To pass the time I am reading a zombie trilogy - Island of the Dead/Nation of the Dead/Planet of the Dead. It's OK, though to beef things up a bit, the writer has given a few of the zombies special powers and they can think and talk. This means that some of the characters actually die in the book, then come back as zombies and on they go...

I'm also watching Greek - a depiction of the awful Greek college system in the US which is based on exclusion, privilege and social evalution (we need talk - hello Oxford and Cambridge). There's a closeted gay character (so it would be ground-breaking if it was 1993), and lots of skinny girls being bitchy to each other and sleeping with each other's boyfriends and saying things like "FYI Casey, if you want to run Zeta Beta Zeta then you're going to have to like sleep with Evan, the most handsome boy on campus." For true teen angst, I'd recommend reading the complicated and funny High School Confidential. Anyway, as I'm a good 17 years older than all the characters in Greek, I'm finding it a bit hard to empathise with their concerns at times. 17 years older! How did that happen?

Monday, April 07, 2008

Is Terminal 5 really as bad as they say?

So I'm flying to Hong Kong today via Heathrow. At Manchester airport, I sighed when I saw that I'd be flying from the dreaded terminal 5. After all, it's been in the news every day with a steady parade of incompetence and lost luggage. "Has my plane been cancelled?" I asked. "No, it's still running," said the ticket seller enthusiastically.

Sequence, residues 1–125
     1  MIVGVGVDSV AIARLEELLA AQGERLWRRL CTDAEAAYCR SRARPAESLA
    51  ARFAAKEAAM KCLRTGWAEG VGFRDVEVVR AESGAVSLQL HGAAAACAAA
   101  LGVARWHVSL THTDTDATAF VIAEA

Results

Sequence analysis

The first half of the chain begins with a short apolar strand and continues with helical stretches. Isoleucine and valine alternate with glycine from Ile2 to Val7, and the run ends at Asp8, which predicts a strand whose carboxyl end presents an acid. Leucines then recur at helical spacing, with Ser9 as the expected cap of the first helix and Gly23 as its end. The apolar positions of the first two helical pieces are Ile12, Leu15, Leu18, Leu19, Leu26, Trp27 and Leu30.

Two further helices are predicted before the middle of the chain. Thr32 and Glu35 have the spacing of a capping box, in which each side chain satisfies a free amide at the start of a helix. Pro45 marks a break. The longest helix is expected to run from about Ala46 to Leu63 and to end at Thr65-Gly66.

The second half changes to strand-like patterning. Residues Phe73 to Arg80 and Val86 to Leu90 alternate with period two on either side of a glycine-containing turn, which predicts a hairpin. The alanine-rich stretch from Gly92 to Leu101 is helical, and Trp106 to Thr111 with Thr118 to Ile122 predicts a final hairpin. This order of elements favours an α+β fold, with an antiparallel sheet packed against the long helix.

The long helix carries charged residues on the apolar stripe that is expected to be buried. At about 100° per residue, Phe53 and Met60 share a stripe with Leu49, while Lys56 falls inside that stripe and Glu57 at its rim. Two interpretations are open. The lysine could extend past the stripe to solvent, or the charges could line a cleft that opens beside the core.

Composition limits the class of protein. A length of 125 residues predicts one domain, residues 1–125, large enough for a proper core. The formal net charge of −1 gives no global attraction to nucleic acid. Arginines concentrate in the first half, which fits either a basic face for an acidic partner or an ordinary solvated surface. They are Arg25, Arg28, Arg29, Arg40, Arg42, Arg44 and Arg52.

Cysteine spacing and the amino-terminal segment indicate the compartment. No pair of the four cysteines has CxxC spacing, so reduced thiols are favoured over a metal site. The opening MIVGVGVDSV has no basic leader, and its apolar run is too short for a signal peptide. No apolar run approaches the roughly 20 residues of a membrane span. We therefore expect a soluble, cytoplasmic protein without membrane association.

The flight to Heathrow was delayed by an hour, and when we arrived off the plane, we all walked towards a sliding glass door marked "International Departures". However, someone in a yellow fluorescent jacket said "You can't go that way, you have to go the other way." So we went the other way, and were told by someone else "You can't go that way, you have to go back the way you came." So we bounced back and forth between the two places, neither which were going to let us in and were adamant that we had to go in the other direction. At this stage, some of the business class flyers (especially the men under 5' 8') started to get a bit stroppy, making comments like "Couldn't organise a piss-up in a brewery!" I've never had that kind of breakdown of protocol in an airport before, and it was quite interesting - like how I imagine the first 5 minutes of the end of the world would feel like. I actually got a bit scared, and ended up stammering when I spoke. If you can't trust people to tell you what gate to go through, then can you trust them to fly your plane properly? So we waited and waited. A female employee started telling us that "they'd had a security breach yesterday and it was a code 97" or something - why on earth would we be expected to understand?